A new cultural and community hub in the heart of Leslieville is officially taking flight.
Tonight, the doors of Streetcar Crowsnest will fling open to the public for the very first time for a preview of new Canadian comedy play, "The Wedding Party."
The $11-million, 12,000-square-foot venue located in the heart of Leslieville at 345 Carlaw Ave. at Dundas Street East is the first professional performing arts facility of its kind east of the Don Valley Parkway.
Located on the ground floor of a 330-unit condominium development, the first permanent home of Crow’s Theatre will feature two convertible theatre spaces — the Guloien Theatre and the Scotiabank Community Studio — as well as an as-of-yet-named brasserie/restaurant to be run by east-end restaurateurs John Sinopoli and Erik Joyal.
“Building a theatre is like a slow moving weather system,” Chris Abraham, the 34-year-old east-end Toronto-based independent theatre company’s artistic director, said earlier this week.
“It’s amazing that we’re now standing at the doorstep of a whole new era for the company.”
Abraham, who has served as Crow’s Theatre’s artistic director since 2007, said the reality of a longtime dream coming true really hit home Friday, Jan. 6 when the cast and crew of the inaugural production arrived to rehearse in the new space.
Aside from being a state-of-the-art venue for the performing arts, Abraham said Streetcar Crowsnest also aims to be a community arts hub. Programming will include in-house and guest/partner theatre productions as well as music, dance, opera, comedy and cabaret shows as well as classes and programming for kids.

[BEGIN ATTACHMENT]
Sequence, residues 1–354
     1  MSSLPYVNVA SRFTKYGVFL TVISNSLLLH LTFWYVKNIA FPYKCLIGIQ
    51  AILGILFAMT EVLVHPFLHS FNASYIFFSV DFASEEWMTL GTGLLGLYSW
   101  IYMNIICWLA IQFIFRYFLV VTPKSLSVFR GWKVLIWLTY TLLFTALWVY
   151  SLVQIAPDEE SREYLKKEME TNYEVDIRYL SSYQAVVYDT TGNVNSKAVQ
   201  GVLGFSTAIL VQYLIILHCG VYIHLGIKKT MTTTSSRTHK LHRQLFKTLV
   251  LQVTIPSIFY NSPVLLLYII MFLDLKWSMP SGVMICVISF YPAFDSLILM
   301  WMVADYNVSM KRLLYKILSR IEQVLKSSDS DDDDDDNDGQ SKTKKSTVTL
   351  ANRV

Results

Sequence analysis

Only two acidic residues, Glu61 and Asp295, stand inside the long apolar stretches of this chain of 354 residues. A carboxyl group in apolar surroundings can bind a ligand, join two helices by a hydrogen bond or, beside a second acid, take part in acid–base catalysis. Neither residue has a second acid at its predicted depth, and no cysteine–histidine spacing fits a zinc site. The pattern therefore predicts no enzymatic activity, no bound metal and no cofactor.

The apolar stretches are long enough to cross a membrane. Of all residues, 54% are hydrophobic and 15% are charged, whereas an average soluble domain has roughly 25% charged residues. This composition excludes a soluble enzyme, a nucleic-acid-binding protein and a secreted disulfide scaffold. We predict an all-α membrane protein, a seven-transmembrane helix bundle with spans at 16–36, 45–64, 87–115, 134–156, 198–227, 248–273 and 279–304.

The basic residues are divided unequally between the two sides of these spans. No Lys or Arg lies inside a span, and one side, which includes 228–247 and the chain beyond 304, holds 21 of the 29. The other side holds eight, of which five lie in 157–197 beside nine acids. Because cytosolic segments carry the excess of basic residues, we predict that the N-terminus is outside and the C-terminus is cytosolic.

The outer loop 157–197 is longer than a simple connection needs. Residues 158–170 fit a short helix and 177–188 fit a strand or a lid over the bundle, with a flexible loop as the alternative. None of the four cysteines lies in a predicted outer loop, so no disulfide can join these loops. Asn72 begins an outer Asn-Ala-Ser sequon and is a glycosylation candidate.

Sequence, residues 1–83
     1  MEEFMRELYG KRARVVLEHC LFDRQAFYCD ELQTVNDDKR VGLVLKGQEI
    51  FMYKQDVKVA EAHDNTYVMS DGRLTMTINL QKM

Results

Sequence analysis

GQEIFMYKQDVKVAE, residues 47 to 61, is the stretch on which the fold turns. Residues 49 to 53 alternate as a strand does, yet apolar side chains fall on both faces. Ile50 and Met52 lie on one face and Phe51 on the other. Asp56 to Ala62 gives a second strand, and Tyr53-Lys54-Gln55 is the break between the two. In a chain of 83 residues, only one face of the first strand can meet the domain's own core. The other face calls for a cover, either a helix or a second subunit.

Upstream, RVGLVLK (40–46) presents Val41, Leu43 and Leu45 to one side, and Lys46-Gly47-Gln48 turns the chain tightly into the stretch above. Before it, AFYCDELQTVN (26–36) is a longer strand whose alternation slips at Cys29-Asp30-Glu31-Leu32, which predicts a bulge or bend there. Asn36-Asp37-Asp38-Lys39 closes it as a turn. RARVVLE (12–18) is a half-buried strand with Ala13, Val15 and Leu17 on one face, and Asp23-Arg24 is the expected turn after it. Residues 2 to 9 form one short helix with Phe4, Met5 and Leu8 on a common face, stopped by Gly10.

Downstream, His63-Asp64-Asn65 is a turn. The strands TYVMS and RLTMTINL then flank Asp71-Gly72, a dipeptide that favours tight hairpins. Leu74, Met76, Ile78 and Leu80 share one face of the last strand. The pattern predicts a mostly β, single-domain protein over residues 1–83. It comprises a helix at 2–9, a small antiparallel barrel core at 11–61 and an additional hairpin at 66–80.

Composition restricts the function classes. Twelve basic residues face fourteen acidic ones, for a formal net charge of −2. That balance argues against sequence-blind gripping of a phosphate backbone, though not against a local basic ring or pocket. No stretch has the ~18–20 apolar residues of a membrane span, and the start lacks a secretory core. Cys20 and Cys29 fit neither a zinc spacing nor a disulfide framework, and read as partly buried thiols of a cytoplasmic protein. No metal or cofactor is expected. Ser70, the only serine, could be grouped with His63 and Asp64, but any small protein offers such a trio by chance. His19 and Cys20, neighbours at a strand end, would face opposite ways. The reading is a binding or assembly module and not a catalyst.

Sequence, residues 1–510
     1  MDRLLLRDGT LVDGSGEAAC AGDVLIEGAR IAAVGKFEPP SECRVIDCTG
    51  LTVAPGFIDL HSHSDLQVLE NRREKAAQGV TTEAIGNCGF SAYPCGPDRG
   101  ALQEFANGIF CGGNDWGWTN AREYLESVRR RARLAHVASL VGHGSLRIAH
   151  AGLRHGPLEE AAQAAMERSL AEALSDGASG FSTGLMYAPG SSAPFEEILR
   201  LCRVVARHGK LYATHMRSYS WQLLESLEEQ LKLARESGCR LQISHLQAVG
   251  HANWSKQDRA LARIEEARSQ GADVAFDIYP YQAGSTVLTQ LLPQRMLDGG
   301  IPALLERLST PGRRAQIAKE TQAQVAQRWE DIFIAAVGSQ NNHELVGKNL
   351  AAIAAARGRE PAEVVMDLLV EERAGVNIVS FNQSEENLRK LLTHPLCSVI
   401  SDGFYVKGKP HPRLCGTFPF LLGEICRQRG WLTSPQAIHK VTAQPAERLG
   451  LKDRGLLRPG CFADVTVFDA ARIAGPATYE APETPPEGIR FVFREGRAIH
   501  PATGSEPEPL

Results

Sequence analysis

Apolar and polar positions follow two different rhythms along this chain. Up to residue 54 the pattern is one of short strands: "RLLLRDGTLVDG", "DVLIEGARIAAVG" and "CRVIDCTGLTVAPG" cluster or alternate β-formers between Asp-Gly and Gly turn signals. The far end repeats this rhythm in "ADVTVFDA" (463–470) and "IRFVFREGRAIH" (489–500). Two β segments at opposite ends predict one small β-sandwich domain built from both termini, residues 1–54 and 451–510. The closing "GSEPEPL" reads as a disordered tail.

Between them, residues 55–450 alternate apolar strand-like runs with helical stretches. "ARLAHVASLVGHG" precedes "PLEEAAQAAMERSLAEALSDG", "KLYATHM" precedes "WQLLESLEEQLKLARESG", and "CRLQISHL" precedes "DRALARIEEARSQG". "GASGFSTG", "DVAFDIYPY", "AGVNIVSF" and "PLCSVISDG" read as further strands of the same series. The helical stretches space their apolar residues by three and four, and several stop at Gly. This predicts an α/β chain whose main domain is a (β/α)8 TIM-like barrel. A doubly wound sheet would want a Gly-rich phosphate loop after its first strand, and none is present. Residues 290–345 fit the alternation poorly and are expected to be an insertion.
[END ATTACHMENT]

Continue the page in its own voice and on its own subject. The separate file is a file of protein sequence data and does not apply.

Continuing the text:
“We want to be heartbeat of culture in the east end,” said Abraham, an award-winning director who has lived in The Pocket neighbourhood for 14 years.
“We’ve got 11 shows on offer in the next four months and we’re excited to see how the neighbourhood responds. We’re eager to make connections with the community.”
It’s also an exciting time for Streetcar Developments, the theatre’s naming/lead partner.
“We set out on a mission to turn this corner into something that’s of cultural significance for Leslieville,” said Mallins, the company’s president Monday afternoon.
“I hope the residents of this building appreciate all of the great things that are going to happen in this space. I also hope members of the community find themselves here on a regular basis.”
Mallins credited Ward 30 Coun. Paula Fletcher for sharing her desire to infuse some culture and community spirit into the neighbourhood and for introducing them to Crow’s Theatre.
“It was unbelievable how much overlap there was. We didn’t even pursue other options,” Mallins said.
Fletcher said she was “delighted” to introduce Crow's and Streetcar, “knowing there was great potential in these two dynamic companies developing an innovative relationship.”
Further, she said she’s also happy to secure $1.15 million as a community benefit from the City of Toronto to ignite the theatre’s capital campaign.
“I know that my excitement to have this stunning arts facility and community hub; the first of its kind east of the Don is shared by hundreds of residents and artists who call the East End home,” she told The Mirror in an email.
Other financial partners of note include Donald and Irene Guloien, Canadian Heritage’s Cultural Spaces Fund, the City of Toronto, Scotiabank, the Province of Ontario, Bank of Montreal and CIBC.
Crow’s Theatre will be fêting its new home in the community with a week of celebrations running Jan. 13 to 19. Visit crowstheatre.com for more information.